In a corporate world driven by money, power and success in the office, 157 business students took a detour earlier this month to fill up on lessons in service, humility and happiness in the home. Latter-day Saint MBA students from nearly 30 of the world’s top business schools, including Harvard, Wharton and Stanford, gathered at Columbia University in New York City on April 8-9 for the first LDS MBA Conference.

Davis Smith, president of the LDS Student Association at Wharton Business School, along with classmates Evan McMullin and Brandon Peay, organized the event so future LDS business leaders could network.

“We created this conference as a way to find each other, connect and build bonds,” said McMullin. “We have an incredible opportunity to help each other professionally and personally. This is bigger than any career or business. We have the opportunity to have a great deal of influence where it really matters.”

The conference was open to all current LDS MBA students. Organizers secured 10 sponsors, ranging from individuals to Bain & Company, and collected $25,000 in donations. Students paid $100 admission.

Gabriel Valenzuela, who attended from Thunderbird School of Global Management, felt the conference was worth it.

“The idea of the best and brightest LDS MBA students from top tier programs meeting together to network, coordinate and inspire each other was something I frankly could not pass up,” said Valenzuela.

Sixteen successful LDS business leaders from around the country volunteered their time to serve as panelists and speakers. They taught leadership principles and offered advice. Steve Jenkins, guest speaker on entrepreneurship, believes in the importance of LDS bonds, especially when business gets challenging.

“They’ll need each other for help, moral support and positive peer pressure to deal with the sacrifices we sometimes have to make because of our standards,” Jenkins said


Students split into breakout sessions focusing on general management, entrepreneurship, finance and public service. Discussions included finding balance, maintaining LDS values, staying humble, and prioritizing family and service. Speakers shared, at times with laughter and tears, personal stories of business successes and failures. Panelists offered counsel on everything from working on weekends to turning down alcoholic drinks. Students, armed with both smartphones and scriptures, asked questions and took notes. The conference inspired Valenzuela and reminded him what matters most.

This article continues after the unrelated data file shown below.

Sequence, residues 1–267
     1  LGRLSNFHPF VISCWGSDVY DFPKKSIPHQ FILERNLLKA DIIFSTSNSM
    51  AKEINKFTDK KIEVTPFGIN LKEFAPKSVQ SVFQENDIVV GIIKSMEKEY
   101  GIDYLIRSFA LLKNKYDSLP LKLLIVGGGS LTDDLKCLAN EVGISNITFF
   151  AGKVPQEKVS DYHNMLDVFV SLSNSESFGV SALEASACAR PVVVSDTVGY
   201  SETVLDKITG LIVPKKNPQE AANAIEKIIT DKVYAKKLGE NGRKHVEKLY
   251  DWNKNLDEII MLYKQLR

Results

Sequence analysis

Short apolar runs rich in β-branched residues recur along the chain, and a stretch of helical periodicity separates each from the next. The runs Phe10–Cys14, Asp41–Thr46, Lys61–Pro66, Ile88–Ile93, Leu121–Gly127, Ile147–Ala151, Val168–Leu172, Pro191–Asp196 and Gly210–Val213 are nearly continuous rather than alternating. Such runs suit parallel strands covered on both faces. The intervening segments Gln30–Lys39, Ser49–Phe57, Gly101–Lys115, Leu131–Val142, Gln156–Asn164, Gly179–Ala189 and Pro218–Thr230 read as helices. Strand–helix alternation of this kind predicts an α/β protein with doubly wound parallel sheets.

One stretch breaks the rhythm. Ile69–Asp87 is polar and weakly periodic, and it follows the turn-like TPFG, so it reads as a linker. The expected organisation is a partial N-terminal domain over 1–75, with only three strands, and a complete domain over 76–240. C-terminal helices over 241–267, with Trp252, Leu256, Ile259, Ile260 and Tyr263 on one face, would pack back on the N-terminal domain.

“Our careers will be far overshadowed by the legacy we leave through raising our families and serving our God,” he said.

Clayton Christensen, a Harvard Business School professor known for his study of innovation in commercial enterprises and his theory of disruptive technology, was the biggest name at the conference and the keynote speaker. He encouraged students to make others happy by using gifts God gave them. He promised the students if they seek first to build the kingdom of God, God will magnify them and they will accomplish more with his help.

Julie Edgin, from BYU Marriott School of Management, was drawn to Christensen the moment he entered the room.

“He is a top business leader, but you would never know it just by looking at him,” Edgin said. “There is something greater there. He has the light of Christ and you can feel it.”

When the speeches, meals and formal networking ended, the group attended a New York Mets baseball game.

“The goal is to make friendships that will serve professionally and personally for a lifetime, take away some valuable leadership insights, and just as importantly, have a great time,” said Smith.

Prior to the main event, about 100 students gathered on the night of April 8 to socialize at a local ward building.

The conference was the first of its kind, but Smith says it won’t be the last. He wants the conference to expand, improve and continue on an annual basis.

For information on the conference, visit

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